Deciding to move a loved one to a memory care home is one of the most difficult decisions you can make. But once you have made that decision, the next question is, “where to?” That question is nearly as hard as the first since choosing the right facility is essential. You want a place where your loved one will feel comfortable and you will feel at ease leaving him or her.
The Basics of Memory Care Evaluation
I talk every day with family members looking at memory care options for their loved one — whether it is a husband, wife, father or mother. When I speak with them, I feel it is important to not give a “sales” pitch. Yes, I run a business and we need residents, but I do not like the idea of trying to sell someone on a location for their loved one. It is so impersonal and goes against everything we do at Heartwood Homes — delivering personal care to our residents. We view every resident as unique and see their spirit in their eyes, their smiles or their response to a loving touch.
I have looked at the competition and know many memory care centers are owned by corporations with headquarters not in our community or worse yet out of state. Much of their focus is on sales — in fact the first contact may be the “sales” department — where at Heartwood Homes, I will likely be the one leading you around. I am not saying those places are “bad,” it is just that they feel impersonal and lack that personal touch. Making the choice to move a loved one into a memory care facility is a personal decision, which is why everyone at Heartwood Homes is focused on providing personal attention to the resident as well as family members.
Choosing where a loved one will live is difficult, but there are some things to look for and questions to ask that can help you during the decision process. I know it is overwhelming so here are some tips on what to look for:
Go On a Tour
You cannot make this decision looking at brochures and websites; those are just marketing tools designed to put the facility in the best possible light. You need to go to the center and experience it for yourself. Use your senses — what does it look like, sound like, and smell like? How do you feel when you are there? Do you feel at ease or uncomfortable? All of those “feelings” mean something so do not dismiss them.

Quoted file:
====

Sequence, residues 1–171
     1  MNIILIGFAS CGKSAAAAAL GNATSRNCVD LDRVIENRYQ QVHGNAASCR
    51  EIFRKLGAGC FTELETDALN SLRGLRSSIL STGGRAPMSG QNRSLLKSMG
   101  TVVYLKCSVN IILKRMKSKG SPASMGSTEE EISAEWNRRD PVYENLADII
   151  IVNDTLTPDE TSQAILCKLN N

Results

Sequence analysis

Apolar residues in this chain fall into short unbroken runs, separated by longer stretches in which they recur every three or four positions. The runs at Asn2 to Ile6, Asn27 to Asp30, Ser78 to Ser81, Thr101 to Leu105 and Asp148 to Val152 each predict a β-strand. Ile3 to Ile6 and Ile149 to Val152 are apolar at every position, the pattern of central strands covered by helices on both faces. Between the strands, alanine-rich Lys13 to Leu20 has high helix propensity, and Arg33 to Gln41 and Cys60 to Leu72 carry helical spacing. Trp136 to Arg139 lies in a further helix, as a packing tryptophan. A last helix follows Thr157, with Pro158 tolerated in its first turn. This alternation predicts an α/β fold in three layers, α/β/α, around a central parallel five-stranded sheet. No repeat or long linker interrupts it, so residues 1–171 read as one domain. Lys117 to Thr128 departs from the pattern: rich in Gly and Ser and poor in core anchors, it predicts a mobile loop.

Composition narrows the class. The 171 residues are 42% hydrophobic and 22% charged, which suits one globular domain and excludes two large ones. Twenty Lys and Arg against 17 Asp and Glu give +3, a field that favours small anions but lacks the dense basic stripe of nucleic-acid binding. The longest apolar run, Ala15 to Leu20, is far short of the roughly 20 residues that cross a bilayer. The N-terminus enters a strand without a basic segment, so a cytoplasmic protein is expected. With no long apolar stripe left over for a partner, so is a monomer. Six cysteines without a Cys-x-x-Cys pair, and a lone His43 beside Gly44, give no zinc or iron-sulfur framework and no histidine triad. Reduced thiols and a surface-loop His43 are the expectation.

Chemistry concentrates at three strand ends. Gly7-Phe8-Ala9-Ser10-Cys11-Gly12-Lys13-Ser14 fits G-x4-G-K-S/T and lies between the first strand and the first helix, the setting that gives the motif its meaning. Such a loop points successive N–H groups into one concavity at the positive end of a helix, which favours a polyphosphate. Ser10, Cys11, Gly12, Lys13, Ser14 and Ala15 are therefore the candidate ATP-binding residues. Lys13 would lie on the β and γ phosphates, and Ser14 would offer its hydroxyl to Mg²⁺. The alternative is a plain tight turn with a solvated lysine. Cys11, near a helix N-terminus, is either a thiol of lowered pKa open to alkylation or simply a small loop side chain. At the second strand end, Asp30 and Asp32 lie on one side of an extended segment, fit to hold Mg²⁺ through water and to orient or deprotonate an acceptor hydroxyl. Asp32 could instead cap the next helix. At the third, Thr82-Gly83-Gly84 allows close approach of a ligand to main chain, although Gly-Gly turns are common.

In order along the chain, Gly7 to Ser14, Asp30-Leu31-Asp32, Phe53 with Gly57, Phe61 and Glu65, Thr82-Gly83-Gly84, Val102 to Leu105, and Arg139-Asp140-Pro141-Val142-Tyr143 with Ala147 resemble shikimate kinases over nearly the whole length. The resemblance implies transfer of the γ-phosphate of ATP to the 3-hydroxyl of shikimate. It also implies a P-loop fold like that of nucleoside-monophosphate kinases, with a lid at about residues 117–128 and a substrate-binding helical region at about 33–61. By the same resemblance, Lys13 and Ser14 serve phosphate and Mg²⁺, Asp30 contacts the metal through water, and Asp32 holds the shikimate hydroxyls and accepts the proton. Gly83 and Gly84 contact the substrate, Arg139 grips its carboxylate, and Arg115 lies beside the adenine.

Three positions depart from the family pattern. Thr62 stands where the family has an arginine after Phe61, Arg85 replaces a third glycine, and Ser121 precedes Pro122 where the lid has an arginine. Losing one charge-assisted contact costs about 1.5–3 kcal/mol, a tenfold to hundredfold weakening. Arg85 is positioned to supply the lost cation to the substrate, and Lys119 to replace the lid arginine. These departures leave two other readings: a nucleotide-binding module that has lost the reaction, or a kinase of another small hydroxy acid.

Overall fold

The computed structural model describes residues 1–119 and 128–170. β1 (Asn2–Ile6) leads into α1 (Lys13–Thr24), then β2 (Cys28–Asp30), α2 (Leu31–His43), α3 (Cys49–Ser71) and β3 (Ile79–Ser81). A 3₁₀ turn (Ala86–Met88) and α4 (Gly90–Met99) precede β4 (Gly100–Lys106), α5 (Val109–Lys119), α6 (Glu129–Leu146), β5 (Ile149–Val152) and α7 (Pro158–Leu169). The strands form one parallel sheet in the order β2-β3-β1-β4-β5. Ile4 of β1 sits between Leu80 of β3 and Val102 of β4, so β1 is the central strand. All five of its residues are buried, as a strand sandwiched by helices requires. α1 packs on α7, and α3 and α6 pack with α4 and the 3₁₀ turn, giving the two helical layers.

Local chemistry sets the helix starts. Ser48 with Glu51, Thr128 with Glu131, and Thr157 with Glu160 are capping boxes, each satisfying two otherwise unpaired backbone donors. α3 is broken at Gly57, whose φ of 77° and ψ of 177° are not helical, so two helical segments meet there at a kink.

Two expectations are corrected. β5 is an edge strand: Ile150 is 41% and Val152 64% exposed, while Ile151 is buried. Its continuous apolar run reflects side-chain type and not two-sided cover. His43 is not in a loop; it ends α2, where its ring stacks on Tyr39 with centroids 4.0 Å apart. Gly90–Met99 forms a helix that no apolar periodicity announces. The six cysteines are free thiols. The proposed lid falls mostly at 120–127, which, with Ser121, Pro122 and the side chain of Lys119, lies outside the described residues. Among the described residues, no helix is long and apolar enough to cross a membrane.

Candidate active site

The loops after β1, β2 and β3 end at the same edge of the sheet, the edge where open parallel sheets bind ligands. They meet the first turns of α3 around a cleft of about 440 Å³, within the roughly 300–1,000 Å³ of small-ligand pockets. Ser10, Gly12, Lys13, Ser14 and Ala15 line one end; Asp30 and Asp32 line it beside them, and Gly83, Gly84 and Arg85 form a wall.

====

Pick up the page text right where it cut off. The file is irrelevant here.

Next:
If you think of something — even if it sounds silly — ask. How the person giving you the tour responds to the question can tell you a lot about the facility and the people who work there (in addition to the answer to your question). Since many people with memory care problems have challenging behaviors, here are some questions to ask to ensure they are a true memory care facility:
- How do you handle it if a resident refuses to bathe?
- What do you do if a resident wanders?
- How do you handle a resident who gets agitated?
The answers you receive should also tell you this information:
- What are the possible unmet needs of a resident that may be causing these behaviors?
- How does the facility ease or prevent challenging behaviors?
- How do staff members honor and respect the resident during challenging situations?
It is also vital to note that assisted care facilities may not be equipped to handle a resident with memory care problems. A dedicated memory care facility should provide a secure environment that cares for a resident’s social, spiritual, emotional and physical needs.
Will the facility allow you to contact another family that has been or is being served by it so you can get their thoughts about the care provided? The answer to this question can tell you a lot. Also go online and see what people have to say about the center on social media, Google Reviews or other sites.
What is the Facility’s Philosophy or Mission?
If you ask that question and get a blank stare, that is probably not a good sign. Employees should be able to clearly tell you what the facility’s mission is. At Heartwood, we live by shared values including preserving dignity, nurturing the spirit, celebrating individuality and several more (you can read about them here.) The level of commitment from employees throughout the company to the mission or philosophy is important. While the sales manager may be able to rattle it off, it is more important that the CNA taking care of your mother knows it and incorporates it into how she or he provides care.
Do Not Feel Pressured
Some facilities may put pressure on you to act now — they have limited space, a waiting list and a busy tour schedule. It is vital to take your time in making a decision that feels right to you. Go back for a second tour — people do not often buy a home based on one showing. They want to look at the house again on a different day or bring along another person to get their thoughts. It is ok to do that when looking at a memory care home for your loved one — it is an important decision that should not be forced by someone looking to close a deal.
Choosing a memory care facility for your loved one can be difficult. There are a lot of choices out there, but by taking a closer look and getting a sense of the facility (and the people who work there) can go a long way in helping you make the right decision.